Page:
When smoking was banned from casinos in Colorado in the United States, ambulance calls to casinos in the area dropped about 20 percent, according to research reported in the American Heart Association journal Circulation.
The drop in calls from casinos was similar to drops in ambulance calls from elsewhere two years earlier when Colorado banned smoking everywhere but casinos.
How did the smoking ban lead to a reduction in ambulance calls? Partially by eliminating exposure to secondhand smoke, said Stanton Glantz, PhD, the study’s lead author.
“Inhaling secondhand smoke increases the chances of blood clots than can block arteries and makes it more difficult for arteries to expand properly, changes that can trigger heart attacks,” said Glantz, director of the Centre for Tobacco Control Research and Education and professor of medicine in the division of cardiology at the University of California, San Francisco. “The calls may also have decreased due to smokers not being able to smoke in the casinos, thus avoiding the immediate toxic effects of smoke on their blood and blood vessels and because some people quit smoking.”
For this study, the first to examine the health impact of smoking bans in casinos, researchers focused on the number of ambulance calls in Gilpin County, Colorado, a tourist destination with 26 casinos – the largest concentration in the state.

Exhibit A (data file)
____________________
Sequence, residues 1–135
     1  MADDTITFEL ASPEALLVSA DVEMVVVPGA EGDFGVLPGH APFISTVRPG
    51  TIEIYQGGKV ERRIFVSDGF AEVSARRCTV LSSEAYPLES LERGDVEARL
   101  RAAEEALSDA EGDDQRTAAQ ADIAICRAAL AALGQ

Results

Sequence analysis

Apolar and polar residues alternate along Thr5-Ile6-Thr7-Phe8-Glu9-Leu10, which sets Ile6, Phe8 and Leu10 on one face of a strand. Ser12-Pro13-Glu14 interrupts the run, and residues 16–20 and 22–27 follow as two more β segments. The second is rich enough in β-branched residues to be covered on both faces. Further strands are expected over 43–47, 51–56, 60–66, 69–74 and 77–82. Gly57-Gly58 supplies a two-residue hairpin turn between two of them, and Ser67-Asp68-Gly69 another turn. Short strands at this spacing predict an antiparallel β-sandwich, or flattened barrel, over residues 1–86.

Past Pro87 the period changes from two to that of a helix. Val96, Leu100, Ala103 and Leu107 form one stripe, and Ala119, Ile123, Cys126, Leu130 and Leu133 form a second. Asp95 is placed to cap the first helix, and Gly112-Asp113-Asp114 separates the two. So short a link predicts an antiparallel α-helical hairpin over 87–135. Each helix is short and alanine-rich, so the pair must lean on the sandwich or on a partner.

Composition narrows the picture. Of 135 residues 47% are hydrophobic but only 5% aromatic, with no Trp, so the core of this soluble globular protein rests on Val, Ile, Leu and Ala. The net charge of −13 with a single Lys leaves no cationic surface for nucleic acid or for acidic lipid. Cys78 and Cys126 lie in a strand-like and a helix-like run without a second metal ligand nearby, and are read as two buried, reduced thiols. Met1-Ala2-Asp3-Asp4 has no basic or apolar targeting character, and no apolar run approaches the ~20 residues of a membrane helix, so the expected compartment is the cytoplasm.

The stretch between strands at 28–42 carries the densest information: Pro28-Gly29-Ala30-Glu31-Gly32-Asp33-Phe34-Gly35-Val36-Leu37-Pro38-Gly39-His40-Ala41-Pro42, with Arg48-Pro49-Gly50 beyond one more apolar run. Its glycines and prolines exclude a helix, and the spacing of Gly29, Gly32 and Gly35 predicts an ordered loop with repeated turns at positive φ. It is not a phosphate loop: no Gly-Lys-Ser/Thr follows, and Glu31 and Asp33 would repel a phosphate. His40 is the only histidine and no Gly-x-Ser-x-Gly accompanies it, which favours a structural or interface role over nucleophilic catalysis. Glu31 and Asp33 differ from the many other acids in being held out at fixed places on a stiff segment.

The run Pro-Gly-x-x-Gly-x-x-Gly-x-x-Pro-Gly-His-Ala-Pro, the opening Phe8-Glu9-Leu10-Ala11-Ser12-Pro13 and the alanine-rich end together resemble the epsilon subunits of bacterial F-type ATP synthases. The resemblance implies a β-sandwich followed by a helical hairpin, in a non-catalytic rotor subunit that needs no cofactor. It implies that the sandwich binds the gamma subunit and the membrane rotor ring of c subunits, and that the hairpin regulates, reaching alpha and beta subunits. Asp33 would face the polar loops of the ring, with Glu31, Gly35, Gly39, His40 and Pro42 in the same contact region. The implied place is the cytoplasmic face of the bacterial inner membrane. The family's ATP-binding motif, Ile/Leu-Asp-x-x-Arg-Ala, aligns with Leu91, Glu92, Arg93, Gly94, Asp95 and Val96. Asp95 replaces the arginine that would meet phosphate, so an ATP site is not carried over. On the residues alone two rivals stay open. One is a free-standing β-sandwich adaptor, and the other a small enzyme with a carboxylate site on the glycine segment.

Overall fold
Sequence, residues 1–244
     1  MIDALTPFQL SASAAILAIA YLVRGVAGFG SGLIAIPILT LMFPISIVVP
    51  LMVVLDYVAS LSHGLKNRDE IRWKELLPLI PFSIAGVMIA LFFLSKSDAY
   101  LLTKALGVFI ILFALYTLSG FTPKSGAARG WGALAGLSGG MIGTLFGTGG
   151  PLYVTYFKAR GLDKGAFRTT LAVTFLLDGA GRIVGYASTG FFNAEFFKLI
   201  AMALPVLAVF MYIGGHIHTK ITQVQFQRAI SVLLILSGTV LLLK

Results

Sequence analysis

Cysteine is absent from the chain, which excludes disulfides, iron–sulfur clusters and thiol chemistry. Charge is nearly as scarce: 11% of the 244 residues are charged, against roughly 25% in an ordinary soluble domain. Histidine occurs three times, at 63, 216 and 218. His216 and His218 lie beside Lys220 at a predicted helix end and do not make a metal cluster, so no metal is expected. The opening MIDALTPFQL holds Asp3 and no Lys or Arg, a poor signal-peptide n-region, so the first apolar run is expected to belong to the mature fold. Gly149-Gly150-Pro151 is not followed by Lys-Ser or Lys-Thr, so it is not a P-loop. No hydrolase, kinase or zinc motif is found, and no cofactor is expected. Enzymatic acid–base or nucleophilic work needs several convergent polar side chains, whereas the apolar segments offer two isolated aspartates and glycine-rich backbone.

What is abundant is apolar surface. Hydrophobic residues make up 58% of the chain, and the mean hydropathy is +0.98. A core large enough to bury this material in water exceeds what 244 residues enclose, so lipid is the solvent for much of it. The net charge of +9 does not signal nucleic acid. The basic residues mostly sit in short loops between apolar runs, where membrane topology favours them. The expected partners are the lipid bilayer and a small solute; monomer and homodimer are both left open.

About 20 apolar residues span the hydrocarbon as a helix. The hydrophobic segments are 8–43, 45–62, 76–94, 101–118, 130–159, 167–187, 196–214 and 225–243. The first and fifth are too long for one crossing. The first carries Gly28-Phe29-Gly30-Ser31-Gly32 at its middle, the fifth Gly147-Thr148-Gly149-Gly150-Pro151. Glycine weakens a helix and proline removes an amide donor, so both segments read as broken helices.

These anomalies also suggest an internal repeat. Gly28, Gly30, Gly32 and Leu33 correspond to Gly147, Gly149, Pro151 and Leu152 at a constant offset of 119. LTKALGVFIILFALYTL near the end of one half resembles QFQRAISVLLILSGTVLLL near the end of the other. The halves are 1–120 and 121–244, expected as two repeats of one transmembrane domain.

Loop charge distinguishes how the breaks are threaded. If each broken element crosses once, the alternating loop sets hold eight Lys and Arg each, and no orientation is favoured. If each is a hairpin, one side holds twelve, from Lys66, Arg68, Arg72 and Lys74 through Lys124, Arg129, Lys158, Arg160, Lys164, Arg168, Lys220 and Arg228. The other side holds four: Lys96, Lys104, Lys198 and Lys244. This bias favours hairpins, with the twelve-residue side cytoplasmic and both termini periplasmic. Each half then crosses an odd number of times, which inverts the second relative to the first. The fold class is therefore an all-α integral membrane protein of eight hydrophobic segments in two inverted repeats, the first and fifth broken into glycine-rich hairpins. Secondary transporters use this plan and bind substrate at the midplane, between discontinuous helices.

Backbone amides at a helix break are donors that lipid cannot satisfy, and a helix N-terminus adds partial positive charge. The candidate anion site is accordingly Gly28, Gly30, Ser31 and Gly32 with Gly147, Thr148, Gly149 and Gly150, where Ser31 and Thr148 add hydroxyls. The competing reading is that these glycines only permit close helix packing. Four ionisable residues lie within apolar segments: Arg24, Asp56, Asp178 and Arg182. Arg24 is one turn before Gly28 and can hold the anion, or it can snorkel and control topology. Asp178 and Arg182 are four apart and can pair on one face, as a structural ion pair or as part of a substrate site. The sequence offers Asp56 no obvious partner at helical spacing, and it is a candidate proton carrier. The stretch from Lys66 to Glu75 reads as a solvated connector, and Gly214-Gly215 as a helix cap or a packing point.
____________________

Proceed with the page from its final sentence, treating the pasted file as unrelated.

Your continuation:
Smoking was banned from public locations, including workplaces, restaurants and bars in Colorado in 2006, and ambulance calls to those locations went down 22.8 percent. Casinos, however, were exempt from the ban and their ambulance calls remained about the same.
Then, in 2008, smoking was extinguished at the casinos, too, and ambulance calls there dropped by 19.1 percent, while there was no further change at the other facilities.
“The fact that there were changes only at the time the law changed in both venues is strong evidence that the law is what caused the change in ambulance calls,” according to Glantz.
“Casinos are often exempted from legislation mandating smoke-free environments, putting employees and patrons at risk for heart attacks, strokes, asthma attacks and other adverse events triggered by secondhand smoke,” Glantz said.